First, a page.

After responding to a few initial comments a long time ago with my initial post about A Man, His Mother and His Wife, I deliberately stayed out of the discussion because I wanted YOU, my readers, to give your experience and your views on mother-in-law problems without me jumping in all the time. Some comments I agree with, some I don't. Some of you brought up good points.
Now, I want to write more about the topic to clarify and to address some of what you have written. My comments and yours can also apply to other in-law relationships as well. Sometimes the offending in-law is a sibling.
- 1. In this post I want to summarize and clarify some points of Part 1.
- 2. In Part 3, I want to give suggestions about what you can do as the unhappy spouse/partner to approach your partner and to survive even if nothing changes with the in-law. Don't let it eat up your marriage or partnership.
- 3. In Part 4: I want to give suggestions to men (or whoever has the obnoxious parent) on how to approach your family member and protect your spouse/partner.
• My original post was first about avoiding reacting and attacking your husband or mother-in-law. The examples I used were a woman screaming at her husband about his mother and wondering why he left the house and a mother-in-law and wife getting into a screaming match. My point was that when you 'attack', the other person will react and it is not productive.
• A second point was to be curious about what the mother-in-law's response triggers in you and why, to be curious about how she might feel threatened in some way, and then to choose consciously how you want to respond to her or your husband/partner in way that is aligned with your own core values and the kind of person you want to be in the world. And if there are things you can do or say to reassure what you think might be a fear or concern she might have, do. If there are things in your own history that feel 'familiar' -- disrespect, criticism, not being important, look at your own buttons and ways you might be able to prevent the intensity of reactivity in you. That is personal work that everyone has. No matter how wonderful our own families were/are, we still end up as adults with one or two buttons that can easily get triggered. I am NOT saying that an obnoxious mother-in-law is your fault. I am saying be willing to look at your own tender spots and your level of reactivity around them. AND, whether or not the upsets are related to both your buttons and ways she triggers it, or when she is just mean and obnoxious in general, don't let her trigger a reaction in you that is a mirror of her!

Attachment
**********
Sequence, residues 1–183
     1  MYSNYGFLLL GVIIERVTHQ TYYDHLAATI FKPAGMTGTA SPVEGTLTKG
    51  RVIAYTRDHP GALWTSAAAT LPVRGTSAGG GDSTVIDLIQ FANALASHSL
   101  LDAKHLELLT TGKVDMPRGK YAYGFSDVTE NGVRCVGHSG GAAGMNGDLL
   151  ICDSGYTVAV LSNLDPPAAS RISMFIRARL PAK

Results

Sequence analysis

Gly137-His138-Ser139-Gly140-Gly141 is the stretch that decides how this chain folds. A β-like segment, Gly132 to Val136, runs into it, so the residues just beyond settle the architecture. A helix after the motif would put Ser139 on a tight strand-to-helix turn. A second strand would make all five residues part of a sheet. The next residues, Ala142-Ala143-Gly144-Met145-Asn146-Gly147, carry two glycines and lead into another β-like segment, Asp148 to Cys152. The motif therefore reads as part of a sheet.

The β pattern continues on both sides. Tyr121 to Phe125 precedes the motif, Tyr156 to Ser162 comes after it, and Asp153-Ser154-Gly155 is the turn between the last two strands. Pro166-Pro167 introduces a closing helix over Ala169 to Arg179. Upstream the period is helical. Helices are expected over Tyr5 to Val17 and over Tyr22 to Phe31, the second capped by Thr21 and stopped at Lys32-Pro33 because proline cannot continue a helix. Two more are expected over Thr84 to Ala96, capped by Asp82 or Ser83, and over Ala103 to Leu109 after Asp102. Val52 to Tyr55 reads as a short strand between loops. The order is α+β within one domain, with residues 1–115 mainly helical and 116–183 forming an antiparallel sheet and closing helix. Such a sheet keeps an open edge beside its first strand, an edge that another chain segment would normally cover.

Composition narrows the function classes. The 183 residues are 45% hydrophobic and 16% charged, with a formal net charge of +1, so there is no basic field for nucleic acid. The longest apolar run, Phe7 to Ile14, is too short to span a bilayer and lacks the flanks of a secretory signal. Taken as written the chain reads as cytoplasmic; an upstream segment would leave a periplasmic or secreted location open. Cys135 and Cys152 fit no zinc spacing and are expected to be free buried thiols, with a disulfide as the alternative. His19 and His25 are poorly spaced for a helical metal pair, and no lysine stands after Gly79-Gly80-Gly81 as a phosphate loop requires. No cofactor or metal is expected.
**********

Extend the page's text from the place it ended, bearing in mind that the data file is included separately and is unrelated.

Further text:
• Learning good conflict-resolution and communication skills to use with your partner is extremely important when it comes to something as touchy as family. He DOES need to understand the effect she has on you. HOW you express your concern, upset, hurt to your husband is key -- both to help your partner understand AND to avoid acting like your mother-in-law by attacking.
• Another point of Part 1 was to not force your spouse or partner into an either/or situation. What I mean by that is to not demand that he cut off his relationship with his mother in order to choose you. I DO think he should address the situation with his mother in private, and later wherever her rude behavior happens, but more on that later.
• And finally, in my initial responses to the first few comments, I made clear that you should not be a doormat and just take ongoing rude or abusive behavior. My focus was on HOW to talk to your husband.
So I find it curious that several people think I am saying to just put up with abusive mother-in-laws! I would never tell someone to do that. Nor do I think that the mother is more important than the spouse or partner. His primary focus should be his new family and he should put them first. But it doesn't usually mean that he needs to cut off contact with his mother. YOU might need to cut off your exposure to the toxic situation.